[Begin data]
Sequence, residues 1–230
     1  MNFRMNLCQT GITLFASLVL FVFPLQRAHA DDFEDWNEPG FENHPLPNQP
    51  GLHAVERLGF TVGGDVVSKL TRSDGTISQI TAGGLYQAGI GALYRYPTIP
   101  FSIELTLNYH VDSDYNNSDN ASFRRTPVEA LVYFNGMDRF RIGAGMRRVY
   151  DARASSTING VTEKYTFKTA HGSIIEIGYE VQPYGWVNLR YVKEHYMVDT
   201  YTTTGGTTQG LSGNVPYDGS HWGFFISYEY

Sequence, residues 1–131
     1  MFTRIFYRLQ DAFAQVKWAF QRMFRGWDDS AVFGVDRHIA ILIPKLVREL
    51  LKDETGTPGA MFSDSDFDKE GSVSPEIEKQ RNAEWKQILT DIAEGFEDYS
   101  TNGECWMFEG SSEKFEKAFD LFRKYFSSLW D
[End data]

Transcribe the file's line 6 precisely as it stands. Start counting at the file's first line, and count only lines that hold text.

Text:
   201  YTTTGGTTQG LSGNVPYDGS HWGFFISYEY